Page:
REVIEW
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Drug treatment for spinal muscular atrophy type I.

BACKGROUND: Spinal muscular atrophy (SMA) is caused by degeneration of anterior horn cells of the spinal cord, which leads to progressive muscle weakness. Children with SMA type I will never be able to sit without support and usually die by the age of two years. There are no known efficacious drug treatments that influence the course of the disease. This is an update of a review first published in 2009.

OBJECTIVES: To evaluate whether drug treatment is able to slow or arrest the disease progression of SMA type I, and to assess if such therapy can be given safely. Drug treatment for SMA types II and III is the topic of a separate updated Cochrane review.

SEARCH METHODS: We searched the Cochrane Neuromuscular Disease Group Specialized Register (8 March 2011), CENTRAL (The Cochrane Library 2011, Issue 1), MEDLINE (January 1991 to February 2011), EMBASE (January 1991 to February 2011) and ISI Web of Knowledge (January 1991 to 8 March 2011). We searched the Clinical Trials Registry of the U.S. National Institute of Health (www.ClinicalTrials.gov) (8 March 2011) to identify additional trials that had not yet been published.

SELECTION CRITERIA: We sought all randomised or quasi-randomised trials that examined the efficacy of drug treatment for SMA type I. Participants had to fulfil the clinical criteria and have a deletion or mutation of the SMN1 gene (5q11.2-13.2) confirmed by genetic analysis.The primary outcome measure was time from birth until death or full time ventilation. Secondary outcome measures were development of rolling, sitting or standing within one year after the onset of treatment, and adverse events attributable to treatment during the trial period.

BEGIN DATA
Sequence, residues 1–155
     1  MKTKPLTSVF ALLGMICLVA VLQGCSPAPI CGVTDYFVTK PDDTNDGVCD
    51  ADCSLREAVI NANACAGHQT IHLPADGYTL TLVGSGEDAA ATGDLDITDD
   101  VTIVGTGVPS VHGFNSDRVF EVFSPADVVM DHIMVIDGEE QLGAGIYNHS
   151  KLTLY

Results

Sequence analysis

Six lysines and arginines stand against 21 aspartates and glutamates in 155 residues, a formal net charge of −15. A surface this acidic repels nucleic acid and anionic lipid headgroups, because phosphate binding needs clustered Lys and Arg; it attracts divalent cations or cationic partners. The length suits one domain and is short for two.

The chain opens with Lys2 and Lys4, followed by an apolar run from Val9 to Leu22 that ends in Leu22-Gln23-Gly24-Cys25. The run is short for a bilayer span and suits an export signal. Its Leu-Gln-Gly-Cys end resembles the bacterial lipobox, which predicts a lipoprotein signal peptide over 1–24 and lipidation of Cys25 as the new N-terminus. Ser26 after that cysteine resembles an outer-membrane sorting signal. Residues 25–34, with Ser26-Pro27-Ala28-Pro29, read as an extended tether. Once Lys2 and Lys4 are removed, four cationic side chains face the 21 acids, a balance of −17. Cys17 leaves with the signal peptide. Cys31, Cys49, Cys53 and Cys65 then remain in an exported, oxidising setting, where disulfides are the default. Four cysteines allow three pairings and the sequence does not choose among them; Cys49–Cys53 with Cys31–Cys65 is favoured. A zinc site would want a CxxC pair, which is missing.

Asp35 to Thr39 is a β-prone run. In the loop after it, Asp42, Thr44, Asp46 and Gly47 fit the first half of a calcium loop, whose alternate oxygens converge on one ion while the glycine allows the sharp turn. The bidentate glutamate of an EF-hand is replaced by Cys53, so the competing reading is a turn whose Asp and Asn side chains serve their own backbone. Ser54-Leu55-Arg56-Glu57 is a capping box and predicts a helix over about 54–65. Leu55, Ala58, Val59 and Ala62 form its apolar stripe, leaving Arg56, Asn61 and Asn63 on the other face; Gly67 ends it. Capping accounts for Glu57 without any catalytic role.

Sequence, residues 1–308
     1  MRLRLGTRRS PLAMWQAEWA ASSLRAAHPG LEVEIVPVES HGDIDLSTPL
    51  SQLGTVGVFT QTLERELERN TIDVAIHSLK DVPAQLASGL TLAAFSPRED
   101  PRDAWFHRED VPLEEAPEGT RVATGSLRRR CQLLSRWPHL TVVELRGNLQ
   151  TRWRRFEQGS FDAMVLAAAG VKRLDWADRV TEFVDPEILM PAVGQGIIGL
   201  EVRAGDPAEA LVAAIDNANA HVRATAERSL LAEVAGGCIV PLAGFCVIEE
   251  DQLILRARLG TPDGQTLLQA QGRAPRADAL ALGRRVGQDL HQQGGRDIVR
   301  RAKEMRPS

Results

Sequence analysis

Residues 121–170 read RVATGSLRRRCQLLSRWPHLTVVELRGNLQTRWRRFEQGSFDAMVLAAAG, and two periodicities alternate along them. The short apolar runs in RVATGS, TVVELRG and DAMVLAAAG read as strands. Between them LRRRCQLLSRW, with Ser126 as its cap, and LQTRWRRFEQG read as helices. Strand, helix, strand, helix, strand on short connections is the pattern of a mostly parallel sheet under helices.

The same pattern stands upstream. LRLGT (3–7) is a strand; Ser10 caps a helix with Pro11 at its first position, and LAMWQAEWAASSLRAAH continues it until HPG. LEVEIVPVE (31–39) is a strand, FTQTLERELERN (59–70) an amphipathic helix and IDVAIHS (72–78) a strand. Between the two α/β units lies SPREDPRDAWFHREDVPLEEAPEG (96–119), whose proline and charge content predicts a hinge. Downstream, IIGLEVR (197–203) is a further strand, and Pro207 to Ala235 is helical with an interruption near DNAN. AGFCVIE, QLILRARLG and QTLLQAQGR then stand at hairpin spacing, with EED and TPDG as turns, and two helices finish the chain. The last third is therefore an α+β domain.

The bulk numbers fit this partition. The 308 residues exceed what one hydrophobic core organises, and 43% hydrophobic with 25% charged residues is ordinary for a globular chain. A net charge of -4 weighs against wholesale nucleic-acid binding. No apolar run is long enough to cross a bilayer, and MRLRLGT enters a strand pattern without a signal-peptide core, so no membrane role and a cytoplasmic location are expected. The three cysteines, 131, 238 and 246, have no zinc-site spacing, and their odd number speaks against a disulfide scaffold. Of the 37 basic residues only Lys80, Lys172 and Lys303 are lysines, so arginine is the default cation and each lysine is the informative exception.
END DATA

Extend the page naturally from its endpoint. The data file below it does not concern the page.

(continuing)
DATA COLLECTION AND ANALYSIS: Two authors (RW and AV) independently reviewed and extracted data from all potentially relevant trials. For included studies, pooled relative risks and standardised mean differences were to be calculated to assess treatment efficacy.

MAIN RESULTS: One small randomised controlled study comparing riluzole treatment to placebo for 10 SMA type 1 children was identified and included in the original review. No further trials were identified for the update in 2011. Regarding the primary outcome measure, three of seven children treated with riluzole were still alive at the ages of 30, 48 and 64 months, whereas all three children in the placebo group died; but the difference was not statistically significant. Regarding the secondary outcome measures, none of the children in the riluzole or placebo group developed the ability to roll, sit or stand, and no adverse effects were observed. For several reasons the overall quality of the study was low, mainly because the study was too small to detect an effect and because of baseline differences. Follow-up of the 10 included children was complete.

AUTHORS' CONCLUSIONS: No drug treatment for SMA type I has been proven to have significant efficacy.

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